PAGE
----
Rupp was called a lot of things in life: scathing, cantankerous, uncompromising, ruthless. "He wanted us all to hate him -- and he succeeded," Ramsey says. And vain. Rupp could be vain. Once asked why Kentucky was so successful, Rupp bellowed, "Good coaching, of course." He meant every word.

But Rupp also could flash some humor. He once told his players that the Bible says it was better to give than receive. Translation: win. Told that the Bible also says to love thine enemy, the Baron growled: "That's the old version. The rules committee changed all that." Then there's the bit about being the Man in the Brown Suit. Seems Rupp had one brown suit in the 1920s, when he was coaching high school ball. He finally got enough money to buy a new one, settled on a blue suit, and lost his next game. "Blue ain't the color to wear to basketball games," he said. It was always a brown suit, white shirt and brown tie after that.

Such was the legend born.

But there's another view of Rupp and another, far harsher description that came to be used: racist. It's true that Rupp did not sign his first black player, 7-footer Tom Payne, until 1969, just three years before retiring. But the rest of the story mostly is conjecture, subjective. And Rupp has his defenders. "I never heard him say one bad comment about blacks," says Vernon Hatton, an All-America on the "Fiddlin' Five," 1958 NCAA champs.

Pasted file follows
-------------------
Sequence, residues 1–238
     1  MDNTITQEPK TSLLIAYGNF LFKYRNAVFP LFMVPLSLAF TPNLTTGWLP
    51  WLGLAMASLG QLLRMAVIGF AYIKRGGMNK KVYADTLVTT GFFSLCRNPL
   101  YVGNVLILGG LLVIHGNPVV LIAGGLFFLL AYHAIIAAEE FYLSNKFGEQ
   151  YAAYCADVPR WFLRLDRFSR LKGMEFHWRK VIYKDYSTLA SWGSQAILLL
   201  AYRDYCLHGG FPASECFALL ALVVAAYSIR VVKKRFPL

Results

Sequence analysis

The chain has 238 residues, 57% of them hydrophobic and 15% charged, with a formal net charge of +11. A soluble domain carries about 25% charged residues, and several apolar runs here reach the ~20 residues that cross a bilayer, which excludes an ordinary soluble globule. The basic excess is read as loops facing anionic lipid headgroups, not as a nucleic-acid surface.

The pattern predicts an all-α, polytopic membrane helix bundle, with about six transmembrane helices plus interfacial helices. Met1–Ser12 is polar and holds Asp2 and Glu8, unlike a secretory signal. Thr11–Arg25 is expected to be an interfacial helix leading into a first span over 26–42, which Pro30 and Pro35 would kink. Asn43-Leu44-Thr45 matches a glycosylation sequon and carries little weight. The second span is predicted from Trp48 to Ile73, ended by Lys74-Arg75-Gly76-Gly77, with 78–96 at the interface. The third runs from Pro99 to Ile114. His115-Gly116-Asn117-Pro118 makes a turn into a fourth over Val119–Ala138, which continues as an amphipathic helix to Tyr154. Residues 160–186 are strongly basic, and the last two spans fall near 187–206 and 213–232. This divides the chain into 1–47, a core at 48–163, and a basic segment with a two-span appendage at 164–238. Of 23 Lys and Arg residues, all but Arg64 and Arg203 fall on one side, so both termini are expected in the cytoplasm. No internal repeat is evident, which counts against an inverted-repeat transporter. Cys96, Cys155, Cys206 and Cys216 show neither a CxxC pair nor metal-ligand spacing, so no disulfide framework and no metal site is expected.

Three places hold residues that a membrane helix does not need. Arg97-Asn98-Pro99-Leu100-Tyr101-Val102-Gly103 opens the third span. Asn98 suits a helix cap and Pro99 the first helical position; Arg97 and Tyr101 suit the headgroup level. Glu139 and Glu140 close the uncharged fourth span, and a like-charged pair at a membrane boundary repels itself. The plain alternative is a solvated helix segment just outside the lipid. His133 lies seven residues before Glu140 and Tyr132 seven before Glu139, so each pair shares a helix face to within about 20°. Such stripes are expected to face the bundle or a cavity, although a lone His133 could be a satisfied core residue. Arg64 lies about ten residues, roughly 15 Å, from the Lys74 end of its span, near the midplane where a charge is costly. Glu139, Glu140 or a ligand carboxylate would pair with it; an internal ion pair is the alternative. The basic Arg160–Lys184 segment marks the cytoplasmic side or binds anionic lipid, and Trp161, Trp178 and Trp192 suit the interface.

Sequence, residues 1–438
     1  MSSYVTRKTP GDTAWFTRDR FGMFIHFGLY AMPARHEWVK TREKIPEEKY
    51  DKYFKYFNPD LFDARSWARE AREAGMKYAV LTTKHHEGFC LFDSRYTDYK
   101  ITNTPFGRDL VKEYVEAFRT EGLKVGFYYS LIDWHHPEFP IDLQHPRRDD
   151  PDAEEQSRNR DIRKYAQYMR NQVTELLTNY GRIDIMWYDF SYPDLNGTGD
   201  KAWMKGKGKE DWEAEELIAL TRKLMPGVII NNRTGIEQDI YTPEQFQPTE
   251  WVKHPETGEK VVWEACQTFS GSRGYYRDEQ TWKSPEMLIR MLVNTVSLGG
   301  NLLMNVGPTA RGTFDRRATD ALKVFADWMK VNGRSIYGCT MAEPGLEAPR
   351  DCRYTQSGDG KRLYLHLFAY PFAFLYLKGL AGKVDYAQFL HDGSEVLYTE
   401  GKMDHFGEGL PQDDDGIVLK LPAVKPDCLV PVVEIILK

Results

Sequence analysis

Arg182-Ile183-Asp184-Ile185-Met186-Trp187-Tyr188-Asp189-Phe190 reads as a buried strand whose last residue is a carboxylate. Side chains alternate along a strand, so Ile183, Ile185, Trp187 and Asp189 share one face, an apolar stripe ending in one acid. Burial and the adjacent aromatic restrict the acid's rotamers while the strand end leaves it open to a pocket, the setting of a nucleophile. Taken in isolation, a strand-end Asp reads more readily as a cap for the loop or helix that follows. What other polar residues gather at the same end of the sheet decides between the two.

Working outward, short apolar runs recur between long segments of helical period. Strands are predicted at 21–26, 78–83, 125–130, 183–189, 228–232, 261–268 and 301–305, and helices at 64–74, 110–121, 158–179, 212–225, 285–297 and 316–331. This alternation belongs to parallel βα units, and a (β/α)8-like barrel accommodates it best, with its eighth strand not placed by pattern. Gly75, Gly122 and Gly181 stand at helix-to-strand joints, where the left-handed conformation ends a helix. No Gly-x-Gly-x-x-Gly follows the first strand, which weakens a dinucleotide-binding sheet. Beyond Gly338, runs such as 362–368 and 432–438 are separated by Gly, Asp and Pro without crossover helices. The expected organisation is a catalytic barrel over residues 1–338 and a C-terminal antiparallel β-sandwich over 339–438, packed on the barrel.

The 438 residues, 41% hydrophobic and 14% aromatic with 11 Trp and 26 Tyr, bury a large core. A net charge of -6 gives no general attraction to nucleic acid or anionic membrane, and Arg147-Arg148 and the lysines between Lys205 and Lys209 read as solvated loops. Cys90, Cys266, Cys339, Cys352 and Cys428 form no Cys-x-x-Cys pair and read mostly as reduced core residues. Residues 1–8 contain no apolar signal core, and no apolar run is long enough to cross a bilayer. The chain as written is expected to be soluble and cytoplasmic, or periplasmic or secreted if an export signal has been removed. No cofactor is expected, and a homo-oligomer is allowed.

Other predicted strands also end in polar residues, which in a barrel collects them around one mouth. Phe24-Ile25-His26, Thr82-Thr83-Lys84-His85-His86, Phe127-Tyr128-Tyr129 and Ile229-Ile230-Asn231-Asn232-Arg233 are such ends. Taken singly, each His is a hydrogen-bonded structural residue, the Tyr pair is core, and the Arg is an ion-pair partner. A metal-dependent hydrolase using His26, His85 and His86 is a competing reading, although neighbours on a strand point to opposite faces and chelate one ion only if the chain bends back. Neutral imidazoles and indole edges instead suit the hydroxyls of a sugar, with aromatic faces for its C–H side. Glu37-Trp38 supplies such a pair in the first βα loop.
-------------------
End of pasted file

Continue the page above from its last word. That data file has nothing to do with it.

"That's just the way the South was in that era. Southern teams just didn't have black players, not in the Southeastern Conference." But the perception has grown that Rupp was a coaching white supremacist. That he fought against integration until Kentucky chancellor John Oswald ordered him in 1965 to recruit a black player. Syndicated columnist George Will once wrote that Rupp was "a great coach and a bad man." As the years pass, more tend to agree.